Chamber Orchestra of Philadelphia to Perform Handel, Rheinberger & Brosse, 1/19
Intertwining the brilliance of the Fred J. Cooper Memorial Organ - the largest concert hall organ in the country - with the charm and intimacy of The Chamber Orchestra of Philadelphia, Music Director Dirk Brossé conducts a special organ concert in the KimMel Center's Verizon Hall on Sunday, January 19 at 2:30 pm.
In collaboration with The KimMel Center for the Performing Arts, the Chamber Orchestra presents a program that spans several classical eras - Baroque, Romantic, Impressionist and Contemporary - and highlights both prominent and rarely heard organ works, making it a concert not to be missed. Alongside the Chamber Orchestra, Concertmaster Miho Saegusa and Philadelphia organists Matthew Glandorf, Alan Morrison and Jeffrey Brillhart perform music by Handel, Paulus, Jongen, Brossé, and Rheinberger.
Tickets for the performance are $24 to $81. Patrons are invited to attend the Pre-Show Artist Chat at 1:40pm in Verizon Hall with Music Director Dirk Brossé, Ms. Saegusa, Mr. Glandorf, Mr. Morrison, Mr. Brillhart, and American Public Media's Pipedreams host, Michael Barone.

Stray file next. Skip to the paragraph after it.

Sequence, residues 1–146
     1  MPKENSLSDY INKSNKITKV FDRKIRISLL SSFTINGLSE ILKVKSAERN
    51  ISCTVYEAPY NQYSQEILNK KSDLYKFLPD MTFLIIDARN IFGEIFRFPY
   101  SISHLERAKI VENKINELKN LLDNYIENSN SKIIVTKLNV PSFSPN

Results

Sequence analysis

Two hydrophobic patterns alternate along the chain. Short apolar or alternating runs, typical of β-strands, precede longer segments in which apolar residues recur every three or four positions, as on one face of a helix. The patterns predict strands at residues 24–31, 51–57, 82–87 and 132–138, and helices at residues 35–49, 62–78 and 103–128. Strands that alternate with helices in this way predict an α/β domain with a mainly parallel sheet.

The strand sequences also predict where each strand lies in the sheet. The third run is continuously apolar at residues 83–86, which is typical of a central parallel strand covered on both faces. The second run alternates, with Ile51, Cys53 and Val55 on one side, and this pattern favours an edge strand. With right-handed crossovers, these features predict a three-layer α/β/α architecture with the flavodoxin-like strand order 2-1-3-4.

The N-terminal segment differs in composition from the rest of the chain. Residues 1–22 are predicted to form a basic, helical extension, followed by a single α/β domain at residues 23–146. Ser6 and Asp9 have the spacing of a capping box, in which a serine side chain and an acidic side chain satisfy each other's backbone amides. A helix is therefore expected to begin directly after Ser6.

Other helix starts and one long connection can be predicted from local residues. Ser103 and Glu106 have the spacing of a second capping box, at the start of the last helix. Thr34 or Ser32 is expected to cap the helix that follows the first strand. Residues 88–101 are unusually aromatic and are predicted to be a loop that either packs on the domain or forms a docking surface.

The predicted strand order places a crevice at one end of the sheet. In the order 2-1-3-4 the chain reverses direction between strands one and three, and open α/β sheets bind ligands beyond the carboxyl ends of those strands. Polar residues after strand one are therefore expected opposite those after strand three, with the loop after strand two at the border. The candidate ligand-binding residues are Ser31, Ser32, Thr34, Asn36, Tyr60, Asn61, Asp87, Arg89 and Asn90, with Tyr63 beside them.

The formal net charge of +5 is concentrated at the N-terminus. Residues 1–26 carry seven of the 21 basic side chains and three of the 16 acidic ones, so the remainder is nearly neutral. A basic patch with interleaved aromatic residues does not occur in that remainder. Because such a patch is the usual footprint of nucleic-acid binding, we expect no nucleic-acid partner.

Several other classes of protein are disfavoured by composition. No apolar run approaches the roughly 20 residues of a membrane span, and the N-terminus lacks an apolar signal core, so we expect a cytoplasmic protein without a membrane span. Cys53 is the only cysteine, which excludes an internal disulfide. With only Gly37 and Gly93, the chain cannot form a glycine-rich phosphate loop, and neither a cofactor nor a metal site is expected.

George Frideric Handel | Overture to Alessandro, HWV 21
George Frideric Handel | Organ Concerto in G minor, Op. 4 No. 1
Handel's Opus 4 is the first set of fully worked out and duly published organ concertos - a species of music wholly of his own invention - and was followed by two more sets of organ concertos in his later years. His Organ Concerto in G minor was first played on February 16, 1736 during the premiere of the ode, Alexander's Feast. The ode tells the story of a banquet held in the conqured Persian city of Persepolis by Alexander the Great, the same protagonist in Handel's Overture to Alessandro - the 21st in the series of 42 operas he composed between 1705 and 1741. The opera enjoyed considerable early success, but later paled in comparison to his other operas such as Giulio Cesare and Rodelinda. The overture is sprightly and provides a welcome opening for the concert.